(RNN) - Are we chattel or are we women?
I ask because sometimes I lose track.
With all the talk about "mommy wars" and stay-at-home moms with a case of the lazies, and COOs taking stands against remaining at work past 5:30, and all those bills introduced by "conservative" (read: GOP) lawmakers attempting to legislate our uteruses (uteri?), sometimes I can't tell.
Last week, Hilary Rosen hacked off the right and the left equally when she said – quite caustically – that GOP presidential candidate Mitt Romney's wife, Ann, "never worked a day in her life" because she stayed home to raise five kids.
The on-camera, in-character, "I better hop on the bandwagon fast" furor came from all directions.
You could almost hear the collective glee with which the GOPers assailed Rosen's comments. Never had a greater media opportunity for a prospective president been created. Even I erped a groan or two the first 200 times I saw this on CNN.
And now, Facebook COO Sheryl Sandberg (is she related to Andy? No, that's Samberg. Nevermind.) declared, rather sheepishly, I think, that she leaves the office at the crack of 5:30 every day so she can be home with her children.
While I can appreciate Sandberg's "coming out" in defense of all of us working mothers, I wonder what her goals were with her declaration.
Will she then go back to Facebook and tell all her underlings that, really, it's OK to leave after eight hours because I said so? What about 99 percent of Facebook workers who don't have assigned parking or a corner office? Can they leave at 5:30 also?
Will she institute a policy that helps retain female executives before they "opt out?" Will Facebook hire female programmers and marketers at the same rate as their male counterparts? Will she log off her computer and put it away after her kids have gone to bed – and insist her direct reports do the same?
Will she look toward accomplishment and leadership as a yardstick for success and not just hours logged in the office?
Yes, Sandberg had good intentions. But I think she further highlights the differences between the handful at the top of corporate America and the rest of us.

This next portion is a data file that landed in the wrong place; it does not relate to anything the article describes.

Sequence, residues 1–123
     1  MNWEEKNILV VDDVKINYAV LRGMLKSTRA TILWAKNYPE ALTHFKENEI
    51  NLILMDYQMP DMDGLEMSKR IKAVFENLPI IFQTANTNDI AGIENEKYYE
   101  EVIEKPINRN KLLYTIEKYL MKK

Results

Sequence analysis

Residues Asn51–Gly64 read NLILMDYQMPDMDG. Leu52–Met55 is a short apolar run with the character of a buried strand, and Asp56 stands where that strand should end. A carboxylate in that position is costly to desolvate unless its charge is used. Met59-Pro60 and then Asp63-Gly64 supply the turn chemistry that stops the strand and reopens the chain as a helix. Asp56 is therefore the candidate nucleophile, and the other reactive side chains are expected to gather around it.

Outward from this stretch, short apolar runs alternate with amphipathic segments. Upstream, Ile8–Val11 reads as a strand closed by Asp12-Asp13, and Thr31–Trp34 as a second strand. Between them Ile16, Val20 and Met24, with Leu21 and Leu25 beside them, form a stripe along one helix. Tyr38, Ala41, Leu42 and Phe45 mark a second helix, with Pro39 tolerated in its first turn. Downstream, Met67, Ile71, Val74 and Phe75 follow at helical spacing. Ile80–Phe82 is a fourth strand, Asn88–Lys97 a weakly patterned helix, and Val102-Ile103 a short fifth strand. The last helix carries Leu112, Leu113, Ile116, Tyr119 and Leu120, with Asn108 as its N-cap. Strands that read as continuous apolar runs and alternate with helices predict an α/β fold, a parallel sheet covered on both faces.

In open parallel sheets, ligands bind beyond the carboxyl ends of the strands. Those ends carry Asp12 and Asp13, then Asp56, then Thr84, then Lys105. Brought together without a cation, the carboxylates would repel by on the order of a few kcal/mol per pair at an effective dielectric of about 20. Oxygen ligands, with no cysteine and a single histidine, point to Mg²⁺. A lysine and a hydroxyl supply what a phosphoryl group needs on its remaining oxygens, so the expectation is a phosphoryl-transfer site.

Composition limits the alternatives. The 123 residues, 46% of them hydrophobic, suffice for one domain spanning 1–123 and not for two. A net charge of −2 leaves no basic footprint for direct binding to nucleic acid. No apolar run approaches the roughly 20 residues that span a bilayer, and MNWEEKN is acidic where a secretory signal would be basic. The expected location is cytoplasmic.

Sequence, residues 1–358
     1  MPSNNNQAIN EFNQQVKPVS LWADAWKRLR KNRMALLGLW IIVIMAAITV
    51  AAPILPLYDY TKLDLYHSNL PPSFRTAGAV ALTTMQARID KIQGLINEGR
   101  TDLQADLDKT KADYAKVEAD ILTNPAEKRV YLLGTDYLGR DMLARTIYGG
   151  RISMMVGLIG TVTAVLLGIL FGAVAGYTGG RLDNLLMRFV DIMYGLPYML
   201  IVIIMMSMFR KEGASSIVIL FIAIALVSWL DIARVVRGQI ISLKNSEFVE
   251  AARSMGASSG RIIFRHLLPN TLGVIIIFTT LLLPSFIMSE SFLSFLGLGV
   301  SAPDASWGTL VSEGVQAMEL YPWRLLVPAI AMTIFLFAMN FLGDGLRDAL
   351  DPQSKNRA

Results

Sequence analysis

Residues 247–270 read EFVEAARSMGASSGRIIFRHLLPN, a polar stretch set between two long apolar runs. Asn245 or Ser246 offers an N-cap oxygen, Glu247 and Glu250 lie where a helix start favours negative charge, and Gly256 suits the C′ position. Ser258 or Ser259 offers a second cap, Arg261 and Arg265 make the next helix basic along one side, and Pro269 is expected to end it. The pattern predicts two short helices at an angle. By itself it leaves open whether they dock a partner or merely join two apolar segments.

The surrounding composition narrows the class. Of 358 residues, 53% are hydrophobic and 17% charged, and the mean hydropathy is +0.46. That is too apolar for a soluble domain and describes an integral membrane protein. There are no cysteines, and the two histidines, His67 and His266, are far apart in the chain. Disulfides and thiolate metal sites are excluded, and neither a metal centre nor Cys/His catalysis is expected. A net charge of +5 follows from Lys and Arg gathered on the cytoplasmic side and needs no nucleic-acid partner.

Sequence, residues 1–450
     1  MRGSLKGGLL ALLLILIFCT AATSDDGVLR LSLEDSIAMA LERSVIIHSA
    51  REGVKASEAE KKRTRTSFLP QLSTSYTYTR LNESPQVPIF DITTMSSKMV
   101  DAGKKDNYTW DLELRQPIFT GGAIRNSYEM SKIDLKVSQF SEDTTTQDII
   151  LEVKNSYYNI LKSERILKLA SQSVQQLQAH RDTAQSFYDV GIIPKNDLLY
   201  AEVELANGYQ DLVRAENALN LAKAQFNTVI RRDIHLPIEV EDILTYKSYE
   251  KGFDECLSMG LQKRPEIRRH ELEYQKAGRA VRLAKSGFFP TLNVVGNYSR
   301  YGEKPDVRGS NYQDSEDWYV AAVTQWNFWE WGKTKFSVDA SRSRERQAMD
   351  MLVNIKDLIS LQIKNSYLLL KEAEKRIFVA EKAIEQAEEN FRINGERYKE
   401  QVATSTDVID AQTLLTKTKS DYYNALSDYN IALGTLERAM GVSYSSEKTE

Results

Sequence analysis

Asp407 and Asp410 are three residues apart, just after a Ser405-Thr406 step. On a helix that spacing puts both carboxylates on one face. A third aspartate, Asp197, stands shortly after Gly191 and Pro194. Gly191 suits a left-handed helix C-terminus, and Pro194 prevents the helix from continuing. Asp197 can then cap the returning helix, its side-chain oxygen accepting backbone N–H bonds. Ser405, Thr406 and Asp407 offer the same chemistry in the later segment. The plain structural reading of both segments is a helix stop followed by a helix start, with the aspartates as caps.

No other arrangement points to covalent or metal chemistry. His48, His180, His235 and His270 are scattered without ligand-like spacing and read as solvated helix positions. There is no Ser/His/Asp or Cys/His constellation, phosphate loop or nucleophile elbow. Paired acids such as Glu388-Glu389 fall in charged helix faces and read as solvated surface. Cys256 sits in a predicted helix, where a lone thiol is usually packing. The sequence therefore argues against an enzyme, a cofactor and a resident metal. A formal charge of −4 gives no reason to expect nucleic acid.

I mean, I work hard. Ask my 3-year-old, who once dissolved into a puddle on the floor when she looked up and noticed I was dressed for work one morning. Or that she regularly, heartbreakingly declares, "Mommy, you came back!" when I walk in the door.
Ask my husband who has delivered the dreaded "U" word more than once during our marriage afflicted by my "career." (That would be "ultimatum," for all of you playing along.)
It strikes me that there is Sandberg's reality – she sits at the top of the food chain after years and years of (I am positive) 12-hour days – and there are mine and your realities.
We work as long as necessary to get the job done either for the sake of just doing our jobs, or with the hope of getting noticed by those already at the top, who will bestow the blessing of advancement and opportunity.
I don't have an Ivy League degree. I didn't work for the Treasury. I don't have nannies. I don't have private schools or even my mother nearby. I do what I have to do to help put food on the table.
This is my only option. (And if my bosses are reading, I love my job I love my job I love my job.)
A fan of WAFF-TV's Facebook page, Cindy Appleby, agrees with those who say nowadays, you would be hard-pressed to find a company – much less a boss – who gets it.
"Most companies don't care," she said. "You either work the long, long hours they want you to, or you look for another job."
It's nice that Sandberg took a high-profile stand. I mean, it's a start. But what I want to know is this: What happens now that her proverbial cat is out of the bag? Her words are nice, but what will she do now?
Besides make it home for dinner.
Michelle Jones is the executive producer for Raycom's digital news hub. She has three beautiful daughters and a step-son.
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